Allegedly
by Jackson, Tiffany D.






Relocated to a violent group home after enduring years in prison for allegedly killing a white baby, black teen Mary B. Addison falls in love with a fellow resident and becomes pregnant before finding the courage to set the record straight about what really happened. Simultaneous eBook. 50,000 first printing.





*Starred Review* Mary B. Addison was nine when a jury quickly convicted her of a crime the public was already convinced she'd committed: the murder of Alyssa Richardson, a white infant that African American Mary and her mother were babysitting. Back then, Mary kept quiet about the incident. Now almost 16, she has spent the better part of her life under lock and key, first in "baby jail" and then in a group home. But Mary has a boyfriend now, and they're expecting a baby, and there's no way the state will let a convicted baby-killer keep her child. For the first time since her trial, Mary may actually have to speak about her childhood, her tumultuous relationship with her mother, and what happened-allegedly-that night. Interspersed with psychiatric evaluations and newspaper clippings, this slowly unfolds in two directions: elements of Mary's past are revealed even as the story rolls toward its unsettling conclusion. Suspenseful without being emotionally manipulative, compelling without resorting to shock value, this is a tightly spun debut that wrestles with many intense ideas and ends with a knife twist that will send readers racing back to the beginning again. Complicated family loyalties, the lasting effects of media sensationalism, and the privileges inherent with whiteness all come into play here, and Mary herself is a carefully crafted character, unreliable at times and sympathetic at others, who will not be forgotten. Copyright 2016 Booklist Reviews.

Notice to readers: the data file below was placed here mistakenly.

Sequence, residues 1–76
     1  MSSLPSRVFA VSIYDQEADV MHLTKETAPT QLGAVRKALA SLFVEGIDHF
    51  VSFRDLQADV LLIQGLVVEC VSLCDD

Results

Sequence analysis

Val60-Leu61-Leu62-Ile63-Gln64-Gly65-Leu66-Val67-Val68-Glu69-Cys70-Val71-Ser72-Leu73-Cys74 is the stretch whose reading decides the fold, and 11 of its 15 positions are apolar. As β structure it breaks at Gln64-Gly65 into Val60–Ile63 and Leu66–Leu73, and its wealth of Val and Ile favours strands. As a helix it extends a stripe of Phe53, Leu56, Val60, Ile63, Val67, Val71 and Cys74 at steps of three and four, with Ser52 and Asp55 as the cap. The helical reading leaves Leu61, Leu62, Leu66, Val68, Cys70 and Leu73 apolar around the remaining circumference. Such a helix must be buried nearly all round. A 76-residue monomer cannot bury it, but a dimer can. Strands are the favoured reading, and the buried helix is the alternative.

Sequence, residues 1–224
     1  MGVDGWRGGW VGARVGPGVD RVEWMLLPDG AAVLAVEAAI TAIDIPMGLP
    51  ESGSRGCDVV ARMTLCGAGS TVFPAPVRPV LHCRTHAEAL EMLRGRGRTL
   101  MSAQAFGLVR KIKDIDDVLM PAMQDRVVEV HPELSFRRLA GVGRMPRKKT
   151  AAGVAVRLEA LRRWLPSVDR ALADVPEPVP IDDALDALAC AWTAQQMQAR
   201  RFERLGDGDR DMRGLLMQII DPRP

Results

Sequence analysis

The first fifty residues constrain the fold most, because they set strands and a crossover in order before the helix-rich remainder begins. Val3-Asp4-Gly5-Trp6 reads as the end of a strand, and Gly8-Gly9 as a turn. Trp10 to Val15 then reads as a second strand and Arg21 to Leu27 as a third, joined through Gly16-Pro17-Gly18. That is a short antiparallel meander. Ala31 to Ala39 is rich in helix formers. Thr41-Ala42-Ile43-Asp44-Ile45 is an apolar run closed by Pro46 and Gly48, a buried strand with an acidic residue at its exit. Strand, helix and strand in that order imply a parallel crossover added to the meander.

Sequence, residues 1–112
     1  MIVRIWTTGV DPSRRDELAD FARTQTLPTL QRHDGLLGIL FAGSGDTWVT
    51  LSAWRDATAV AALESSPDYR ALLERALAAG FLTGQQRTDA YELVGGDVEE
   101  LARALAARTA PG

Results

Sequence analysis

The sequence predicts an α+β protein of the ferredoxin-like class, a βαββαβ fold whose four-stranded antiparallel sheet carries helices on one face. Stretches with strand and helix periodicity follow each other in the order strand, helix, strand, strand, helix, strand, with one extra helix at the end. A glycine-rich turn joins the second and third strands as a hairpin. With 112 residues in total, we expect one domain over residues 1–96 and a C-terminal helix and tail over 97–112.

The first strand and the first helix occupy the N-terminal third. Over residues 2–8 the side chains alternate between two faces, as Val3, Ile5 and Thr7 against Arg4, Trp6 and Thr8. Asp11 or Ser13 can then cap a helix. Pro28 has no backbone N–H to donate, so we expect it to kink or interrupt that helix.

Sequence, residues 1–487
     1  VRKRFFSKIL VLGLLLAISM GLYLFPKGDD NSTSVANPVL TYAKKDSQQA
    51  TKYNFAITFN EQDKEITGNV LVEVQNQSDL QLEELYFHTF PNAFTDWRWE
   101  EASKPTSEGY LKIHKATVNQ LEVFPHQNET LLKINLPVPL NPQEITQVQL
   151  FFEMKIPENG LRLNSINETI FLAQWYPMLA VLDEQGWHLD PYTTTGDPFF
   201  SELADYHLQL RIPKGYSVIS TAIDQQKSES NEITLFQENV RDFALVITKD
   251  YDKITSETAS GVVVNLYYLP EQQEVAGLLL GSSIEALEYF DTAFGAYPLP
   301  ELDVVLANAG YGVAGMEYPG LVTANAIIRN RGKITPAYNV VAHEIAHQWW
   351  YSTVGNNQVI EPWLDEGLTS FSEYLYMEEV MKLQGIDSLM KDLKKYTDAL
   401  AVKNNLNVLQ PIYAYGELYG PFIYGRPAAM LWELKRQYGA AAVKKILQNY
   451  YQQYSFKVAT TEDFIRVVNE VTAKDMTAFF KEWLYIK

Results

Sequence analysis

With a black mother suffering from multiple mental conditions and a possibly white father who's "N/A"-at least according to her birth certificate-15-year-old Mary B. Addison finds herself navigating the prison-industrial complex alone for allegedly killing a 3-month-old white baby. She was placed in "baby jail" at 9 under a cloud of national notoriety spawned by her case. Now she endures unremitting bullying from the staff and the other girls at the all-female group home in Brooklyn, where she lives under house arrest; the attentions of the do-gooder white female writing coach who tries to give the young women hope through words yet "knows [their] future is grim"; and the bureaucratic obstacles to get a state ID simply to take the SAT. While in this gritty environment, Mary becomes pregnant by her boyfriend, Ted, an 18-year-old black man who is also confined in the labyrinth of the penal system but later must turn to "survival sex" to maintain his shelter. The author presents all of this as a matter of fact in Mary's voice, not sensationally or, worse, exploitatively. Because of this, her novel effectively joins Ava DuVernay's documentary 13th and Michelle Alexander's The New Jim Crow (2010) to become another indictment of the penal system's decimating power beyond its bars and, more subtly and refreshingly, a pro-reproductive-justice novel. Searing and true. (Fiction. 14 & up) Copyright Kirkus 2016 Kirkus/BPI Communications. All rights reserved.






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